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There are a few things that characterise the IT channel. The partner ecosystem deploys cutting edge technologies to help customers achieve their business outcomes. Partners also understand the importance of customer relationships, often taking deep dives into their businesses to really understand their needs and pain points. That level of engagement is critical to the long-term customer loyalty.
So why are partners themselves forced to put up with inadequate engagement from vendors? Why hasn’t the method of engaging with partners evolved in 20 years? For companies that have made their names from enabling their customers to build better businesses, why only rely on a monthly email newsletter to communicate with partners? (These partners, by the way, which bring in thousands, if not millions, of dollars in business for them?)
It’s certainly a contradiction.
There’s often no dedicated partner communication or engagement manager within the vendor – instead perhaps a channel marketing manager is tasked with grabbing some last minute content each month to send out for the partner newsletter. The content is rarely personalised or segmented to a partner’s business beyond job title. Any news is often out of date by that time too, meaning these emails are rendered largely irrelevant to the partner.
These newsletters end up just another unread email in an overflowing inbox.
The only way partners can choose what they receive is to opt in or out of that entire communication – meaning the relationship is entirely one directional.
“It’s entirely dictatorial based on what content the vendor wants to push on their partners,” says Glenn Robertson, CEO of Purechannels. “It’s entirely linear in one direction. And because inboxes have become more crowded, more emails are being ignored and the knock on effect – directly and indirectly – is that engagement is going down.”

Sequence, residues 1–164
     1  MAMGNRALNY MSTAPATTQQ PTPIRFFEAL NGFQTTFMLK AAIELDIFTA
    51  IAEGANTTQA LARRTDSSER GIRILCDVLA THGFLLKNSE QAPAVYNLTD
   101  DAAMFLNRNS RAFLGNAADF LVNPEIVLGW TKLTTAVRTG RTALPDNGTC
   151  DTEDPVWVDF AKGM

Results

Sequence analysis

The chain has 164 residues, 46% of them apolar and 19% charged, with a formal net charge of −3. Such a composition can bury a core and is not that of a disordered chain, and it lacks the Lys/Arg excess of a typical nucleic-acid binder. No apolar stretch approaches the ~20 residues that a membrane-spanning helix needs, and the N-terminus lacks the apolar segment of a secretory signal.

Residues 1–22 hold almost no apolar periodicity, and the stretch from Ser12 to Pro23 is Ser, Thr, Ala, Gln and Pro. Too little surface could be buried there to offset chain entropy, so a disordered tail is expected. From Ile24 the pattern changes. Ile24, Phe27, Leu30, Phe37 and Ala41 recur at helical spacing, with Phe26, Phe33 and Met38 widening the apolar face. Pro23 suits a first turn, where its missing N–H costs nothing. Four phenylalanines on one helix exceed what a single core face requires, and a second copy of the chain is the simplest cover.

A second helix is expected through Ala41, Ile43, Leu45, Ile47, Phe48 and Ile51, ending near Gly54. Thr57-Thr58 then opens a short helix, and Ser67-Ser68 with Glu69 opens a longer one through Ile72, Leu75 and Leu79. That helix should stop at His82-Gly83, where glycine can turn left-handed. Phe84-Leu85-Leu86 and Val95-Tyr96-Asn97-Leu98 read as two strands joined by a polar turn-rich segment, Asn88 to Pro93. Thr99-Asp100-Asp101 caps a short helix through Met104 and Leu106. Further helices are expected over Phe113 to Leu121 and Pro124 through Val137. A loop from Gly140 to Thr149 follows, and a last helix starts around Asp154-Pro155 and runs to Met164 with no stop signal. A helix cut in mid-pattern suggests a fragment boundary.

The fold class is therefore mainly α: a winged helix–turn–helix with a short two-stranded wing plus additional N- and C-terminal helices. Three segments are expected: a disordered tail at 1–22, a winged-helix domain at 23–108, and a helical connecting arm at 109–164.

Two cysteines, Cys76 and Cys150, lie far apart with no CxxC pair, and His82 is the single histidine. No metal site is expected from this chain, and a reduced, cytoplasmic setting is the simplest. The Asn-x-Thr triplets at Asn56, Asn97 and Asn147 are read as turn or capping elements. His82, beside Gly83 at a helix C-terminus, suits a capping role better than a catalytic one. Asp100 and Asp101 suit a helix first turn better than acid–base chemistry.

Glenn believes we are starting to see a complete move away from the traditional, one directional model of the channel, which sees the vendor at the top, followed by distribution, partners and then end users.
“We want to move away from that vertical, top heavy, linear model of channel to an ever-evolving, ever-moving ecosystem of interaction, interoperability and collaboration. We can no longer continue to rely on a one directional, one dimensional way of communicating with partners, because it will just continue to miss,” he explains.
“The future of partner communications is multi-directional and multi-dimensional, which means the best way to encourage engagement and interaction with your partners is to offer them choice. Because if you offer them choice, then you give them freedom to consume. When you give them freedom to consume, they’re far more likely and willing to do something willingly rather than feel like they’re being pressured to do it. If you’re able to do that, that’s going to increase your overall partner engagement – not telling a partner you want them to be more engaged!”
Glenn says if a vendor is continually putting restrictions in place, partners will disengage – something no vendor can afford in a world where partners are often surrounded by choice of vendor.
“For so many years partners have had to earn the right to sell a vendor’s products. I believe a switch is happening where vendors are now having to earn the right to work with a partner. If a vendor can provide partners with openness and the freedom to choose – on their terms – when and how they want to sell their products, learn and consume content, then that is how they they will achieve wider and stronger partner engagement. We need to progress beyond measuring engagement using metrics that are based on response and reaction, and towards a more inclusive, proactive approach. If someone is doing something proactively because they want to, and not because they are being told to, that is demonstrating true engagement.”
Glenn continues: “The new ecosystem movement is not telling partners what to do, not dictating to them. Vendors need to democratise communication. It’s offering partners the choice to access and consume vendor information on their terms, rather than based on what the vendor wants to share. Choice and freedom going to be what drives success and what drives future partner engagement.”
Author: Christine Horton
Publish Date: 17/06/2022 14:09
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